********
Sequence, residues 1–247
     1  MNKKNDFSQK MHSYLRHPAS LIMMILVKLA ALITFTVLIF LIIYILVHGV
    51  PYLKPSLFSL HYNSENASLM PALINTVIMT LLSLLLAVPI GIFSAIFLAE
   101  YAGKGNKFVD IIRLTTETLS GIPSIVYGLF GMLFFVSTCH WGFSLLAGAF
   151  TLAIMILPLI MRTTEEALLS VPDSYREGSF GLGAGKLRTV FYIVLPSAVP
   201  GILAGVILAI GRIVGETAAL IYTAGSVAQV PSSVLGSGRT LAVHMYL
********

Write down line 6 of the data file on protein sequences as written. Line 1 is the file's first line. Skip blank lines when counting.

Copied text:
   201  GILAGVILAI GRIVGETAAL IYTAGSVAQV PSSVLGSGRT LAVHMYL